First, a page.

“I think there is room for complete humility here,” the Fed chairman said. “We are learning right now, we have to be humble about what we know about this economy.”
“It is quite difficult to predict the economy in normal times,” he continued. “When you are talking about global supply chains in turmoil, it is a completely different thing. And you’re talking about a pandemic that’s taking people out of the labor force for reasons we don’t have a lot of experience with. So it is very difficult to predict and policy setting is not easy.”
Powell said the Fed will not hesitate to rate rates if inflation picks up, or if consumers and businesses begin to expect higher prices, which could become a self-fulfilling trend. For example, if companies expect higher costs, they will raise their own prices in response.
“For now, (the risk) appears to be skewed towards higher inflation,” he said. “We should be in a position to take action if it is necessary or appropriate to do so.”
Still, Eric Vinograd, an economist at the Asset Manager Alliance Bernstein, said Powell’s comments seem to suggest that he sees problematic inflation as a “fictional rather than a real phenomenon.”
“The Fed clearly does not think that inflation is likely to remain at or near current levels, nor does it think that the labor market is back to full employment,” Vinograd said. “They do not intend to raise interest rates unless they are convinced that inflation is too high, that inflation expectations have become uncontrollable or that the economy is at full employment.”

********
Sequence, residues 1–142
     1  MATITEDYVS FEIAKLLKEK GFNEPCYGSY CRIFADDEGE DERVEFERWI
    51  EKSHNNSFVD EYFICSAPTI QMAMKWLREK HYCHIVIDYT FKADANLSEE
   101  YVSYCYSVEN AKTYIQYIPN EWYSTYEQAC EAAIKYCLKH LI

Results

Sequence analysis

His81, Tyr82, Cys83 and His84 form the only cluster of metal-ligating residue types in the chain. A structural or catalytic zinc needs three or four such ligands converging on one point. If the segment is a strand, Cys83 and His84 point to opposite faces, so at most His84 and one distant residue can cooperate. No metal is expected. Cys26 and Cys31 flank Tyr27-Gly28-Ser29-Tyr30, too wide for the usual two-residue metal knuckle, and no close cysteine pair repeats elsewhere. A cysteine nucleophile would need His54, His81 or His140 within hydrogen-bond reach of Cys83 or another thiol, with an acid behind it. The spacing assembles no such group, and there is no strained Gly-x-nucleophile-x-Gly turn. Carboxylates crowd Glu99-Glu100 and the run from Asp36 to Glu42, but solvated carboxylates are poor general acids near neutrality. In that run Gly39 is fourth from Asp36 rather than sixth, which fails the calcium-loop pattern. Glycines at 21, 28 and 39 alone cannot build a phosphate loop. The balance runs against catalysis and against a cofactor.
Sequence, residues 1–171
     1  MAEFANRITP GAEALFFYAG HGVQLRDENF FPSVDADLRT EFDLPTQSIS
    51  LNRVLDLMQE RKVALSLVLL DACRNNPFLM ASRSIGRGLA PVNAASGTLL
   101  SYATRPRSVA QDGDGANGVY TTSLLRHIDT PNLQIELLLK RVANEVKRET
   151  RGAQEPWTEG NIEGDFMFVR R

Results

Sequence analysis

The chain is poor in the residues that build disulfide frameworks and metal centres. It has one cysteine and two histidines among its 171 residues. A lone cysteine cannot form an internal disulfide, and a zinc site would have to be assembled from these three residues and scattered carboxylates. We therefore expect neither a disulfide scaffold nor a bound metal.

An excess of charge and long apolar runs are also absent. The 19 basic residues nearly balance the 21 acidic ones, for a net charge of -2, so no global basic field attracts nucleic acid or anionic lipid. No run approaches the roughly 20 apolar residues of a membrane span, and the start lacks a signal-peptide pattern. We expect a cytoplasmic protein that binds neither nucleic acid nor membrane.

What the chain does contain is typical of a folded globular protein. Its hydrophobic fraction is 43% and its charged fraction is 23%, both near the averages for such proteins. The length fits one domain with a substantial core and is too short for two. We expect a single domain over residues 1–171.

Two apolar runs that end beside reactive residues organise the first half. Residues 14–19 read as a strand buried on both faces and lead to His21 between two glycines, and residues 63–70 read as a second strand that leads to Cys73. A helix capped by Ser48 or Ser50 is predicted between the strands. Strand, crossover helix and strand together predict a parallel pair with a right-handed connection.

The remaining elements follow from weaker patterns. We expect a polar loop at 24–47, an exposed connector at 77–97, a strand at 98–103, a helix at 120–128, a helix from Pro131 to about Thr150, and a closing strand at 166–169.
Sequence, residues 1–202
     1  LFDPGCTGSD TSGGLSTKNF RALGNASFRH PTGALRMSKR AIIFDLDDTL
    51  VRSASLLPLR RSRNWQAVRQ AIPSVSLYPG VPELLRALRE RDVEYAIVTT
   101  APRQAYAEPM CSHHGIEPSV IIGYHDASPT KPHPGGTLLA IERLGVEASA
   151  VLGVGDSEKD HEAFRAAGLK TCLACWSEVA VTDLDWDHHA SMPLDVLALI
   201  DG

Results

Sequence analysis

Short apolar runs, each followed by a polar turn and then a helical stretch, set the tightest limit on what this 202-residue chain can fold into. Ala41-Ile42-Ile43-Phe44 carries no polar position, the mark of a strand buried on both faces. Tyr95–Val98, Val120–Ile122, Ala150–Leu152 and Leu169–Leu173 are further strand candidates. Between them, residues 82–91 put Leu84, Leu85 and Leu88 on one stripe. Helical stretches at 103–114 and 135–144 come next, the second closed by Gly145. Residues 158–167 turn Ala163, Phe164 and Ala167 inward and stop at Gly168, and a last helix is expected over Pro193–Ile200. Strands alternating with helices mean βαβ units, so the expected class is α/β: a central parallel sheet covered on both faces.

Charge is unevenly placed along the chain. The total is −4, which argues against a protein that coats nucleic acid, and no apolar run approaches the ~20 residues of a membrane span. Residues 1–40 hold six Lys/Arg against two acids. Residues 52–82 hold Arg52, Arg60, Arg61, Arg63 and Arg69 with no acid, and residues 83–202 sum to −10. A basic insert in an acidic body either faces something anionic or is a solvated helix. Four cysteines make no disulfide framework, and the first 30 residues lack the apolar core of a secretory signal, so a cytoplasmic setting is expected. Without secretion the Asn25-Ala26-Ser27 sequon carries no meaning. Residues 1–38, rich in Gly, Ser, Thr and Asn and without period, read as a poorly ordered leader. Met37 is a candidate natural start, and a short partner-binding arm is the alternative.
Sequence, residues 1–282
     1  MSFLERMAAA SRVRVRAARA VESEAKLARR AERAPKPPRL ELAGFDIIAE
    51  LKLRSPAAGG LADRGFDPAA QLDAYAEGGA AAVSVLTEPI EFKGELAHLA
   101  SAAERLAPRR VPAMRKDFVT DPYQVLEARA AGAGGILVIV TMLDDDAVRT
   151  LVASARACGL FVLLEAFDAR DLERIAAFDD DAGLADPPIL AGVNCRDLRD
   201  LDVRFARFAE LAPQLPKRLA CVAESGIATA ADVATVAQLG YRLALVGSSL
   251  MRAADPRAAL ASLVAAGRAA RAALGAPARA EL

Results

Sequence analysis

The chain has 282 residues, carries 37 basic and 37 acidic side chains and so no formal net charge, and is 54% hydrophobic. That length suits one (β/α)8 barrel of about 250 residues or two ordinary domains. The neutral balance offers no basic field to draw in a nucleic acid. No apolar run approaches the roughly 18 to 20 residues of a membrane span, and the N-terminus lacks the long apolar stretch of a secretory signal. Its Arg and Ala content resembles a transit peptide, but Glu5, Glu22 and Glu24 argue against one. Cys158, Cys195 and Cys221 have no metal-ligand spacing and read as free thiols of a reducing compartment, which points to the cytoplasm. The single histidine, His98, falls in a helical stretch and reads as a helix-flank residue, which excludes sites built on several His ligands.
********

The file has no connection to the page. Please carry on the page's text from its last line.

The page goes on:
Powell said the high prices could last until the end of next summer. But he stuck to the Fed’s view that he was likely to fall after that. He also said that big wage increases Many Americans haven’t let inflation go further in recent months. The July-September period saw the biggest increase in wages and salaries compared to a year ago in at least 20 years.
The central bank has been trying for a long time to boost the economy and encourage hiring one focused on addressing inflation. The Fed now faces the delicate task of shutting down its ultra-low-rate policies, which it hopes will slow inflation, do it so rapidly without weakening or even weakening the job market. That to cause another recession.
The economy has recovered from the pandemic slowdown, although growth and recruitment The July-September quarter declined, partly because a rise in Delta cases discouraged many people from traveling, shopping and eating out. Many economists say they are optimistic that job growth in October will be offset by the weak pace of September, with an increase in vaccinations and the disappearance of the delta wave. The October jobs report will be released on Friday.
The Fed meeting comes as Powell’s future as the Fed chair remains uncertain. President Joe Biden has yet to announce whether he will re-nominate Powell for a further four-year term. Powell’s current term ends in early February, but past presidents have usually announced such decisions in late summer or early fall.